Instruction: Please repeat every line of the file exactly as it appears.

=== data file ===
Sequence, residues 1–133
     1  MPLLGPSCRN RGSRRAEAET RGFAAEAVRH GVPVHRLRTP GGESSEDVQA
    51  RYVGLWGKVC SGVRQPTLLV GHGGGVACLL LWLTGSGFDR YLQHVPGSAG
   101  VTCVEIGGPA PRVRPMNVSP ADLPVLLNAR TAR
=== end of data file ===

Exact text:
Sequence, residues 1–133
     1  MPLLGPSCRN RGSRRAEAET RGFAAEAVRH GVPVHRLRTP GGESSEDVQA
    51  RYVGLWGKVC SGVRQPTLLV GHGGGVACLL LWLTGSGFDR YLQHVPGSAG
   101  VTCVEIGGPA PRVRPMNVSP ADLPVLLNAR TAR